Brad Sylvester, DCNF
Turning Point USA founder Charlie Kirk claimed on Twitter that illegal immigration in Hungary decreased by 99 percent after the country built a border wall.
Did you know:
Hungary built a wall and illegal immigration collapsed by 99%
Illegal immigration went from 391,000 in 2015, to 18,236 in 2016, to just 1,184 in 2017
Build. The. Wall.
— Charlie Kirk (@charliekirk11) October 22, 2018
“Hungary built a wall and illegal immigration collapsed by 99%” he said Oct. 22.
Illegal border crossings for Hungary dropped from 391,384 in 2015 to 1,418 in 2017 after the construction of border barriers – a 99.6 percent decrease. It’s unclear, however, how much of the drop can be attributed to the border barriers, as a significant decrease in overall migration levels in the region also played a role.
Hungary faced a large spike in illegal border crossings in 2015 during the height of the European migrant crisis, where more than a million migrants crossed into Europe. Most of these migrants were fleeing violence and war, coming from countries such as Syria, Iraq and Afghanistan.
Hungary had over 391,000 attempted and completed illegal crossings along its external borders in 2015, up from 44,709 in 2014 and 23,608 in 2013. Many of these migrants were simply passing through on their way to other European countries like Germany and Sweden, while others sought asylum in Hungary.
The Hungarian government, with the support of Prime Minister Viktor Orbán, constructed a 110-mile-long, 13-foot-high fence equipped with razor wire along the Hungarian-Serbian border, where 95 percent of the illegal crossings were occurring at the time, and another along the Hungarian-Croatian border.
The barriers were complete by October 2015, leaving migrants who wanted to enter the country bottlenecked into a handful of “transit zones” where they could apply and wait for asylum. Thousands of police and soldiers manned the country’s borders.
The number of illegal border crossings for Hungary dropped to 18,236 in 2016 – a 95 percent decrease in just one year. After the addition of a second fence in 2017, only 1,418 illegal border crossings occurred, marking a 99.6 percent decrease from the 2015 peak, according to information obtained by The Daily Caller News Foundation from the Hungarian government.
From 2015 to 2017, however, there was also a 98 percent drop in crossings through the Western Balkan route that leads to Hungary, according to Frontex, the European Union’s (EU) border control agency. It’s therefore difficult to assess how much the drop in illegal border crossings can be attributed to increased border security versus the drop in overall migration levels, as both played a role.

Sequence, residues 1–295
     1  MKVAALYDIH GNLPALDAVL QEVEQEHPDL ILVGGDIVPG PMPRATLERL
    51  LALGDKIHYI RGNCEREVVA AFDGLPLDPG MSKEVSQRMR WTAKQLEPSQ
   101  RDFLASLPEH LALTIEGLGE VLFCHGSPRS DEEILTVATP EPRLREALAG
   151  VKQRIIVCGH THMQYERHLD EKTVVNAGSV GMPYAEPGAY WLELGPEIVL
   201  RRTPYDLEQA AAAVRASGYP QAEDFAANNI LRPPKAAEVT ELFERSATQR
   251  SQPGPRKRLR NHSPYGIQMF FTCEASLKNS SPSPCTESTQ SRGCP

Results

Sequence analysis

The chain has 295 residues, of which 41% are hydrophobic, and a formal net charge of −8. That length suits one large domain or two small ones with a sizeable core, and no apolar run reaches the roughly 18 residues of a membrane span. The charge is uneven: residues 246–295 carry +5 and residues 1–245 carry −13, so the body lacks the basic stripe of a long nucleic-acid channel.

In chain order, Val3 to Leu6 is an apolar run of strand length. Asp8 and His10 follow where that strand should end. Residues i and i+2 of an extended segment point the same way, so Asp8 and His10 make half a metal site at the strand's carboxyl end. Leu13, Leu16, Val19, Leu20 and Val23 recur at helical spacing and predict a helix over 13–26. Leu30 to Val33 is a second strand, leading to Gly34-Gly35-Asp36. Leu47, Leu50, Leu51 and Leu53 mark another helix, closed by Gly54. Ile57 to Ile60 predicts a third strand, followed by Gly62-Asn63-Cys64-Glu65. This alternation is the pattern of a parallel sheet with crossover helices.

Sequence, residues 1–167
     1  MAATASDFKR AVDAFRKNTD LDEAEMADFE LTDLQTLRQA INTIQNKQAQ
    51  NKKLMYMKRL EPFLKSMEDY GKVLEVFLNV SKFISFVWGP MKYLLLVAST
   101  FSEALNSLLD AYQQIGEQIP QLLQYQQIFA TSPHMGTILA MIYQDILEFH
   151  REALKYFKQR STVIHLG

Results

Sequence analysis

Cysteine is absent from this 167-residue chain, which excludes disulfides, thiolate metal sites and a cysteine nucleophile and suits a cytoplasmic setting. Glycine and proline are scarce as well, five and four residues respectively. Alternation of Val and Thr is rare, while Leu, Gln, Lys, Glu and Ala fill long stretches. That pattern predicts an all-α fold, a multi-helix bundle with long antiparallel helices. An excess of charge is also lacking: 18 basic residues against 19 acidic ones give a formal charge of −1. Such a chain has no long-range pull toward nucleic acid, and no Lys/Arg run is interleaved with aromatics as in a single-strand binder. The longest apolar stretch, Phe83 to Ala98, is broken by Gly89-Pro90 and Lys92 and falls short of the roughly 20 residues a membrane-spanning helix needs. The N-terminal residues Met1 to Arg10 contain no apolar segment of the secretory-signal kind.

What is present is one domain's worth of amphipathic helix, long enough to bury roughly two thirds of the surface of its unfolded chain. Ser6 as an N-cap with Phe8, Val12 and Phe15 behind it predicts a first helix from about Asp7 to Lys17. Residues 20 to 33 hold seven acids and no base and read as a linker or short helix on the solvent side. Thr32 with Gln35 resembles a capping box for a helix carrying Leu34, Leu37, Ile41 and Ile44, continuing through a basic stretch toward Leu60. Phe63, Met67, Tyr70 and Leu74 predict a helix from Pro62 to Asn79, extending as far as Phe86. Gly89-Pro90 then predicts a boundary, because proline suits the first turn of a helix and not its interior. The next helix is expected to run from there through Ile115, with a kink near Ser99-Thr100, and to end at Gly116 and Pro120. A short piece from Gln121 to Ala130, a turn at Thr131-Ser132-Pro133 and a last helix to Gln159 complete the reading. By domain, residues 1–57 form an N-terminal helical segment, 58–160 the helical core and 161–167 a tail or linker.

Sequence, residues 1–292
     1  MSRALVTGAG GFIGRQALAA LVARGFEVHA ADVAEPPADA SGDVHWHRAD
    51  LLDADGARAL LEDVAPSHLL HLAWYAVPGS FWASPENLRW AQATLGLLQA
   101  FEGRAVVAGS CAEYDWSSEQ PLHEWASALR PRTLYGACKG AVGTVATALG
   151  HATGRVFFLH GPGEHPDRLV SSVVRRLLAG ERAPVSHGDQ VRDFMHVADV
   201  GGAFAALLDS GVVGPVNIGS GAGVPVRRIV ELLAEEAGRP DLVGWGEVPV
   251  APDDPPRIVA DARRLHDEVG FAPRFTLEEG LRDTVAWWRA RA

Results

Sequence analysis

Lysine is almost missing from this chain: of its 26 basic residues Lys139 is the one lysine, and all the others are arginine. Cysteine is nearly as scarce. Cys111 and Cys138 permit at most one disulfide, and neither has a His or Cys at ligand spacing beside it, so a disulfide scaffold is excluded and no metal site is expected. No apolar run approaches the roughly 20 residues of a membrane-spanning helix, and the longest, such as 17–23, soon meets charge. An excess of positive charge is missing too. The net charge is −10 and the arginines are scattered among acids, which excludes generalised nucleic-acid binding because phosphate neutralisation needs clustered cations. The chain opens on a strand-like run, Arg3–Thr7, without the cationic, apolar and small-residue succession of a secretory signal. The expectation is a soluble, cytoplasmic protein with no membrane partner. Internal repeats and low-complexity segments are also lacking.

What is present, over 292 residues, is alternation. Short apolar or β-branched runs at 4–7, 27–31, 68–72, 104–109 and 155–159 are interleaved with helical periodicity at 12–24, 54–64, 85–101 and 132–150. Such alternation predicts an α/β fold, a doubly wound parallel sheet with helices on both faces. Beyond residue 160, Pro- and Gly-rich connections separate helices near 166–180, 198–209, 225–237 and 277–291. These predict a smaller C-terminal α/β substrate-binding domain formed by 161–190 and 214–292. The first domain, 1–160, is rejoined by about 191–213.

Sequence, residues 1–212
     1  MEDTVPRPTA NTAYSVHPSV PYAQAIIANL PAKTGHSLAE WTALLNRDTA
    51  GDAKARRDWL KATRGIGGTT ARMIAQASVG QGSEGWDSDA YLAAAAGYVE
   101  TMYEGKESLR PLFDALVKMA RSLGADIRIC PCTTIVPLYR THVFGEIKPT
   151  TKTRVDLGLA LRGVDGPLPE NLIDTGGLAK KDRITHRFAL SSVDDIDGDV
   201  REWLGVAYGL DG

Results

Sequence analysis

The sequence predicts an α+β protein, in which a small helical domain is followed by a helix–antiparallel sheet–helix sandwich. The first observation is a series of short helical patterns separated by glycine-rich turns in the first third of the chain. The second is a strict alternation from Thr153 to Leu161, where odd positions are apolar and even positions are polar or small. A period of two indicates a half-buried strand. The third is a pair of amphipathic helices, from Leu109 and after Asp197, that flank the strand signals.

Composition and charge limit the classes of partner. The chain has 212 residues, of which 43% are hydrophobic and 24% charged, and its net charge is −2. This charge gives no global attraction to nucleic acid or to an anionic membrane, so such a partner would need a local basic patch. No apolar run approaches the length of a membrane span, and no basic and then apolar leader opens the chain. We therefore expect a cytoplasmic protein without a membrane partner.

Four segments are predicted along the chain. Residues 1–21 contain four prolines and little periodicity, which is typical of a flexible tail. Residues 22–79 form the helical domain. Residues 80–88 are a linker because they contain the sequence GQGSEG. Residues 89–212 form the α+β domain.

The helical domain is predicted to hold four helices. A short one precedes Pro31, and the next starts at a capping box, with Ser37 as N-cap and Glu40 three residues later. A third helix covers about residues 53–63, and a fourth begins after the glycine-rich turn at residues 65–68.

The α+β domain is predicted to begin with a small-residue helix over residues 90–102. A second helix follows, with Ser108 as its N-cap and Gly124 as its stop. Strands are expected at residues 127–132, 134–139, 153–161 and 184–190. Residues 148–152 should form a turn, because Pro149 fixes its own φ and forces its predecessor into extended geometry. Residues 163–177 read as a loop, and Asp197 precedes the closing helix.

The EU and Turkey reached an agreement in March 2016 where migrants who had traveled from Turkey to Greece would be sent back. Around the same time, Macedonia, Croatia, Slovenia and Serbia closed off their borders, largely stemming the flow of migrants heading north.
New laws in Hungary aimed at cracking down on illegal border crossers and asylum seekers likely also contributed to deterring migrants. Hungary made illegal border crossing a criminal offense that could be punishable by prison time in 2015. It also made it easier to send some asylum seekers back to countries like Serbia, which they designated a “safe country” for those seeking asylum.
Hungary’s border barriers have drawn criticism from some.
“If all the borders along the Balkan route will be closed totally, then all these asylum seekers will have to find an alternative route if they want to continue to come to Europe. They will be forced by the circumstances to rely more on the services of human smugglers,” Erno Simon, a senior communications officer at the U.N. High Commissioner for Refugees’ Central Europe division, told Al Jazeera.
Despite this, Hungary has defended its use of the border barriers.
“It was not unknown what the most effective way to handle illegal border crossings is. Like it or not, and that’s the point we always make, there is no more effective way [to stop] illegal border crossings than building a physical barrier,” Zoltán Kovács, a spokesperson for the Hungarian government, said in a 2017 interview with TheDCNF.
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